Coors Brewing Company didn’t say whether Rising Moon was a new release, and yet we couldn’t find any images of it online, which indicates to me that it’s probably new-ish. Coors’ fact sheet (link downloads a PDF) doesn’t even have an image of it. Google Images doesn’t have one either, so here’s one I took:

Rising Moon
Rising Moon, Blue Moon’s spring ale 

Because this is a recipe introduced to the world through a food competition, I figured I should mention that I just ordered an interesting-sounding book called Cook-Off: Recipe Fever in America. I’ll let you know how it is once it arrives.

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Published in: on January 13, 2008 at 8:48 pm  Comments (3)  
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Deviled Chicken Thighs

The chicken thighs were approaching their limit to the amount of time they could spend in the refrigerator without being frozen. Given our habit to shuck food into the freezer and then forget about it (i.e. the ground beef from Sept. 2005 we just unearthed), we figured a recipe involving thighs would be a tasty place to start.

Our initial queries into chicken thigh recipes were thwarted by absurd fanciness and time-intense bean soaking. I finally stumbled upon a recipe from our hometown Seattle Post-Intelligencer that seemed feasible. After all, the headline did promote it as Quick & Simple. Wait a minute. The recipe was not crafted by P-I food gurus, nor was it a taste-test from a new outside publication. Quick & Simple is a weekly magazine owned by Hearst. The book the recipe came from, Good Housekeeping 100 Best Chicken Recipes, is published by Hearst Books. The Seattle P-I’s publisher? You guessed it, Hearst.

There’s no disclaimer in the article mentioning this potential promotion/conflict of interest. What do you think, does it need one? Does it matter that the P-I is using a book it essentially published? I get the impression that the only people who would have figured out the Hearst connection are press junkies like me or news-savvy Seattlites who are familiar with the epic Seattle Times and Seattle P-I battle royale that has been going on for four years now and made Hearst the most common its been since Newsies came out in 1992.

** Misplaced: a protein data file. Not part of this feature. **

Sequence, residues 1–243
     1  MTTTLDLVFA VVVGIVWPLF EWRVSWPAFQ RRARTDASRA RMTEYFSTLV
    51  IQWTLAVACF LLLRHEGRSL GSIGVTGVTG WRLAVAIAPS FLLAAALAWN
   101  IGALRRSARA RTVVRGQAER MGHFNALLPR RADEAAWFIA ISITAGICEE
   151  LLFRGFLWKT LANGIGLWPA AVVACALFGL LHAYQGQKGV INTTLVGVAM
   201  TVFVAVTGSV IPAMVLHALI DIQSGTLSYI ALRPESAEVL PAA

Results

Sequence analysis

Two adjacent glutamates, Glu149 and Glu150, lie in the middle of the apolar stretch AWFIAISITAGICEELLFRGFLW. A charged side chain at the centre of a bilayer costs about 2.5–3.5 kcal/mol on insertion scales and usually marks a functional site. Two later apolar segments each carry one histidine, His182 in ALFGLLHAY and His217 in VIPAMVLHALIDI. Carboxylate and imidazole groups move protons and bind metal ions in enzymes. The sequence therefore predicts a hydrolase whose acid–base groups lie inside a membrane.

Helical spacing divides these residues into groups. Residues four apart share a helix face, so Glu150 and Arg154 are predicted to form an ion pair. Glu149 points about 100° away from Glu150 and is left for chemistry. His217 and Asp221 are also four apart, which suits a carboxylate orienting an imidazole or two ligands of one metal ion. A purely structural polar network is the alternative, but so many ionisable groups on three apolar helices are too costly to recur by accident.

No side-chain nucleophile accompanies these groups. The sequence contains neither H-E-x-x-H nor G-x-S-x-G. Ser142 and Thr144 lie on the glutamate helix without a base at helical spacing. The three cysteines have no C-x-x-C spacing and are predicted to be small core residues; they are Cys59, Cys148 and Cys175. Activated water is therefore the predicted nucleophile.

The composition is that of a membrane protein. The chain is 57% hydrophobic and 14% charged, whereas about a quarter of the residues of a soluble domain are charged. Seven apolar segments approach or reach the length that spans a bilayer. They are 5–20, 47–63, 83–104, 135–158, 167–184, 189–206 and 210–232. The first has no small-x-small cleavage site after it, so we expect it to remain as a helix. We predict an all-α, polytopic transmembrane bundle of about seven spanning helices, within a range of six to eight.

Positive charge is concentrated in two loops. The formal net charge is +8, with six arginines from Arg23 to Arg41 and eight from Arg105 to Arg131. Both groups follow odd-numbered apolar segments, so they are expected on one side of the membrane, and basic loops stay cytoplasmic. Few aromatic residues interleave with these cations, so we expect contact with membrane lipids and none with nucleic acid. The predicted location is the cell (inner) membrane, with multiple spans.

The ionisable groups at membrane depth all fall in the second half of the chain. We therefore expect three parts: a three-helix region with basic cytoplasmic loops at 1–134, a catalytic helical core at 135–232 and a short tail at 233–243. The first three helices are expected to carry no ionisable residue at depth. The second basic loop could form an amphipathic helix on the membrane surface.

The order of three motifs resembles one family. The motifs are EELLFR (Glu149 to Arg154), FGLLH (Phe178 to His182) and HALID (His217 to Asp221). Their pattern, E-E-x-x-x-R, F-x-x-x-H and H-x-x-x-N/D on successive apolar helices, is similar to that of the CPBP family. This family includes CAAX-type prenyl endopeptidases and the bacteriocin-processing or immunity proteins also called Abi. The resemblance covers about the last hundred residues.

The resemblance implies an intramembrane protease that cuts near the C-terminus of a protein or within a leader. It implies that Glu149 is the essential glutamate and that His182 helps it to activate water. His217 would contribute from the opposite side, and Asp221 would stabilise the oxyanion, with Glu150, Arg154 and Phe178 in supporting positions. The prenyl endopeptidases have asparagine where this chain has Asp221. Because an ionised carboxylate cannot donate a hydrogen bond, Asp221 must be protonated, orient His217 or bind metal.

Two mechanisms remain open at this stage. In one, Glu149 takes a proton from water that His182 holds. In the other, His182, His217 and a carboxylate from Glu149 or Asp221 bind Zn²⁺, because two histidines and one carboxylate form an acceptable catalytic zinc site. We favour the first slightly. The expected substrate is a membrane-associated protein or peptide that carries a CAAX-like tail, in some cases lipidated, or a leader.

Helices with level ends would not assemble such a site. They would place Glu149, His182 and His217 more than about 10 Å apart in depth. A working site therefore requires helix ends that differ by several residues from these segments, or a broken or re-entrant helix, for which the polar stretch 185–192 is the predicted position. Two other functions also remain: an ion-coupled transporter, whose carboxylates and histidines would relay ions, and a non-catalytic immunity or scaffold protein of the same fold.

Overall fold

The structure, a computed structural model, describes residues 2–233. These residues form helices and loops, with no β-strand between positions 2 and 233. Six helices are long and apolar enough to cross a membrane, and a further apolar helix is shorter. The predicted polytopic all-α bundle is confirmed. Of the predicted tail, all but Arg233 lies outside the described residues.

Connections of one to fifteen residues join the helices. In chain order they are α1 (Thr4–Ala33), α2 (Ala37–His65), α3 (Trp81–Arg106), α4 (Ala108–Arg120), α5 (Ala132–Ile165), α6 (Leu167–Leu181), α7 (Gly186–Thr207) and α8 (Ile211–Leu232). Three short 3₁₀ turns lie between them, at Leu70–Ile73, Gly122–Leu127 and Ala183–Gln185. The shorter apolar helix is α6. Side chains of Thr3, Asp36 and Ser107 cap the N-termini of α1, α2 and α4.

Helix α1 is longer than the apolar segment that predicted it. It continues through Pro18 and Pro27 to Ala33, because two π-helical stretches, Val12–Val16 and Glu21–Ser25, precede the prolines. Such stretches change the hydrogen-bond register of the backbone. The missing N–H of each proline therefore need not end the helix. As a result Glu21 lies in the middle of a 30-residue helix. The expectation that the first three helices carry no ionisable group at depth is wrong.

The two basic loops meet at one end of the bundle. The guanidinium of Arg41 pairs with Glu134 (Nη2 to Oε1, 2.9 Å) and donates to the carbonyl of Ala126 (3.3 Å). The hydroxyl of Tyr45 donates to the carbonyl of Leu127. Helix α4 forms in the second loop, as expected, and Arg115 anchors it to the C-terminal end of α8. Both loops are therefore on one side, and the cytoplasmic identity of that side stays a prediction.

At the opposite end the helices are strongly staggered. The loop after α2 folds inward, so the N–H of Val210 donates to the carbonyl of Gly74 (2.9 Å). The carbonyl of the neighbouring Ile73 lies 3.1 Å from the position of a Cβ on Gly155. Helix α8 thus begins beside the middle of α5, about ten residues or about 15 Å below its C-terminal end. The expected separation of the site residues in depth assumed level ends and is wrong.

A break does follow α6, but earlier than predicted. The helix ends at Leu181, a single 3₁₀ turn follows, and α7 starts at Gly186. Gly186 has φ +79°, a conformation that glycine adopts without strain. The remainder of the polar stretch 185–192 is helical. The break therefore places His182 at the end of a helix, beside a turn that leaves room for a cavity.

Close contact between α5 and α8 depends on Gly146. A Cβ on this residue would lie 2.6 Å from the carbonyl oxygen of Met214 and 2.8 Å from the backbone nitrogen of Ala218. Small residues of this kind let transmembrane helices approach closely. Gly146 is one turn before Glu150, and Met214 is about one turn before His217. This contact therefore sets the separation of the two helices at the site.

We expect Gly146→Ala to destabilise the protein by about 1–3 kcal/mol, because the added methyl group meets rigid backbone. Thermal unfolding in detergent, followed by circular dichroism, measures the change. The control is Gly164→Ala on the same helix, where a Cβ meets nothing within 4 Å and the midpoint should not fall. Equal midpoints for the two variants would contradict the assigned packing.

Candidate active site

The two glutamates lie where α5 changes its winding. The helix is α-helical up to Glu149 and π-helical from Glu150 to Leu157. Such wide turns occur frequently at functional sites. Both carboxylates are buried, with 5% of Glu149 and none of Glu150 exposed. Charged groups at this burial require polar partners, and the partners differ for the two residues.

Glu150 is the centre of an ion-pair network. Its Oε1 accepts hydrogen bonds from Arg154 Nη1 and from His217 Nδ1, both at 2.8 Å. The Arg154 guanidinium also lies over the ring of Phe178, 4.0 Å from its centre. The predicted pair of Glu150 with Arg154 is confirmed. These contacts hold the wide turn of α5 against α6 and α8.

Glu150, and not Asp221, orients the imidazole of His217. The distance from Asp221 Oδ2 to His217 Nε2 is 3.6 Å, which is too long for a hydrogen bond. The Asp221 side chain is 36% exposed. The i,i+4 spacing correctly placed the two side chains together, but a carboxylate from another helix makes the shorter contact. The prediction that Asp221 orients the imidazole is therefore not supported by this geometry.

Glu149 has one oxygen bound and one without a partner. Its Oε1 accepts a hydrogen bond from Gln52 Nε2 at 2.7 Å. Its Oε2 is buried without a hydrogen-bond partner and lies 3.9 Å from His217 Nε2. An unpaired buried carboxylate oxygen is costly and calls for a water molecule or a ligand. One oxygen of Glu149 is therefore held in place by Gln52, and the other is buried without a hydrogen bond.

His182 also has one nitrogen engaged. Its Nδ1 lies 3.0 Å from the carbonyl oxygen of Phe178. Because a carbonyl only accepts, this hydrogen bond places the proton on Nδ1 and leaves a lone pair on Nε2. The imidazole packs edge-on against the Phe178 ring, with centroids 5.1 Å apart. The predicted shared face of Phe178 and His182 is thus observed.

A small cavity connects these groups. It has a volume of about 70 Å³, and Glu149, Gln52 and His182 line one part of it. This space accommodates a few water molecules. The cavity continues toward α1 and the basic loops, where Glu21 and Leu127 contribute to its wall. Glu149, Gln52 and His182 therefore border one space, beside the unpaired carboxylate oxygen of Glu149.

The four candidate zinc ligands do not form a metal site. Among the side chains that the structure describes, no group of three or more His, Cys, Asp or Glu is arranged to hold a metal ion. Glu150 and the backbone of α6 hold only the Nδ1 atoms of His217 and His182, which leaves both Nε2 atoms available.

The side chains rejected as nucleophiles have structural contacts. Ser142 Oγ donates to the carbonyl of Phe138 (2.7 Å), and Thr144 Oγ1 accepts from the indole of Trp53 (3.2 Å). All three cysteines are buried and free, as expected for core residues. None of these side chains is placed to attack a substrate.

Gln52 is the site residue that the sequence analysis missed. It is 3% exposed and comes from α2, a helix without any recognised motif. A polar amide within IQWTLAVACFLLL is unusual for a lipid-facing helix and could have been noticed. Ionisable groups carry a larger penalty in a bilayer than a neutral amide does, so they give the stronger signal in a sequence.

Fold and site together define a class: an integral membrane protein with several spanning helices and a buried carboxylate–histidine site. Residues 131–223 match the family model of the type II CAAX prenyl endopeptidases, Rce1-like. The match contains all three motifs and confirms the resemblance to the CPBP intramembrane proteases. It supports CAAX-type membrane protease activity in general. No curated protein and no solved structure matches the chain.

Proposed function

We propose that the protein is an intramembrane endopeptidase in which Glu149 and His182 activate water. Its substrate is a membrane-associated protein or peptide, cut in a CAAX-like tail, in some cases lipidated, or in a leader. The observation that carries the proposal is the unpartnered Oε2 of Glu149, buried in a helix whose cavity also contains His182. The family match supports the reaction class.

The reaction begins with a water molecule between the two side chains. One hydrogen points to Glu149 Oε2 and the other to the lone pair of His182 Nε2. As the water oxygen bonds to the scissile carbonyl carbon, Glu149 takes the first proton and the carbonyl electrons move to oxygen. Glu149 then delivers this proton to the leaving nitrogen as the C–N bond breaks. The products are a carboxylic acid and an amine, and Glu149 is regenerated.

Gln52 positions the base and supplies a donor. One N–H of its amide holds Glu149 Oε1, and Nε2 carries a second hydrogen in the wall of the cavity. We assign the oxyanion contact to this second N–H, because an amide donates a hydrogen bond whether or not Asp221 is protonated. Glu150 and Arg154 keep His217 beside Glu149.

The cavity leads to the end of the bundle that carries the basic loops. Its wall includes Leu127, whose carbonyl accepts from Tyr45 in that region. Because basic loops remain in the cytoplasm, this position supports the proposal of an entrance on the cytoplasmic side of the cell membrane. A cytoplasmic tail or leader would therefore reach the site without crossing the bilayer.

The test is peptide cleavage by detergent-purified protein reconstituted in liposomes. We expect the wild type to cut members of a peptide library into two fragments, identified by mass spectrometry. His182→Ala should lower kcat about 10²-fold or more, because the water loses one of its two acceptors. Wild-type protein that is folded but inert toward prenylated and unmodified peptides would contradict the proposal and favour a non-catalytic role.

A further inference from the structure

Pulitzer
(Even though it was actually Pulitzer and not Hearst in the movie)

Alternately, if you just see this as a media conglomerate utilizing its affiliates, it’s not a problem at all. This is no more of a big deal than one Knight Ridder paper using a story from another Knight Ridder paper. Right?

What do you think about this, Spot?

Spot!
“I say, that what you say, is what I say!”

Apart from the politics involved, it’s worth noting that many newspapers don’t come up with their own recipes very much any more. A large number of the recipes I unearth wind up being selections from newly published cookbooks. Looking at newspapers from the 1930s and ’40s, the recipes seem to be solicitations from readers or county fair prize-winners.I’m assuming the source of newspaper recipes will be a common theme in this blog, because I feel like I hav e so many questions regarding its past and present workings.But onto the recipe. You can find the original post online, but if you hate scrolling and searching as much as I do, here’s a copy of it:

Deviled Chicken Thighs (serves 4)

1/4 cup creamy mustard
1 tablespoon Worcestershire sauce
1/3 cup seasoned bread crumbs
8 skinless chicken thighs (about 2 1/2 pounds)

1. Preheat oven to 475 degrees.
2. In a large bowl, blend together mustard and Worcestershire sauce.
3. Spread bread crumbs on a sheet of wax paper.
4. Toss chicken in mustard mixture, then roll in crumbs to coat.
5. Arrange on baking sheet.

Bake 15 minutes; turn and bake until juices run clear when thickest part of thigh is pierced with tip of knife, about 15 minutes longer. Serve with green beans.

Finished Product
Our finished product. 

It wound up being tasty and relatively painless to make. Our frozen green beans turned out miserable, so Toby replaced them with half a baked potato each. Additionally, the breading on the thighs is uneven because our baking sheet was coated with olive oil instead of shortening. It didn’t impact the taste, but if you’re a visual stickler, splurge on the butter.

Enjoying the Chicken
Christine and Toby enjoy the chicken thighs. 

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Published in: on December 1, 2007 at 8:09 am  Comments (2)